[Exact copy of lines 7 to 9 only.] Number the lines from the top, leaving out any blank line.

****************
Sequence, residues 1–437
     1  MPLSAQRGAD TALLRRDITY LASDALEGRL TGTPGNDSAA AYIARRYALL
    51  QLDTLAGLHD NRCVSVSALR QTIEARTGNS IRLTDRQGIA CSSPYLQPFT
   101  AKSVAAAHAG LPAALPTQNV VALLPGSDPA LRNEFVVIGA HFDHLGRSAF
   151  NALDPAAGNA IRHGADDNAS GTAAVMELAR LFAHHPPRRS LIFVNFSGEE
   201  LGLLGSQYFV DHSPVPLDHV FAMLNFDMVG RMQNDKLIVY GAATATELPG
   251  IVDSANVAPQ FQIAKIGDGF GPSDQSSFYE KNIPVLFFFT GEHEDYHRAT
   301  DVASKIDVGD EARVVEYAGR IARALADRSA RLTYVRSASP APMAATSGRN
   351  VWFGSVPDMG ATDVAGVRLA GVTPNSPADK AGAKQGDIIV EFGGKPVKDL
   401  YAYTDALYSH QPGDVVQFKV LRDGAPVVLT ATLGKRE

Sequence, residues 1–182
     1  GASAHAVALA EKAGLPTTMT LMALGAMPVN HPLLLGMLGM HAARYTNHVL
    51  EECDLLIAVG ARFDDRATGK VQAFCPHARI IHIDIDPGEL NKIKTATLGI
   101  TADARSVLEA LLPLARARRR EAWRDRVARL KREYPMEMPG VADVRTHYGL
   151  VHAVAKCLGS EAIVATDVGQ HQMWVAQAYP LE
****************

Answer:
   251  IVDSANVAPQ FQIAKIGDGF GPSDQSSFYE KNIPVLFFFT GEHEDYHRAT
   301  DVASKIDVGD EARVVEYAGR IARALADRSA RLTYVRSASP APMAATSGRN
   351  VWFGSVPDMG ATDVAGVRLA GVTPNSPADK AGAKQGDIIV EFGGKPVKDL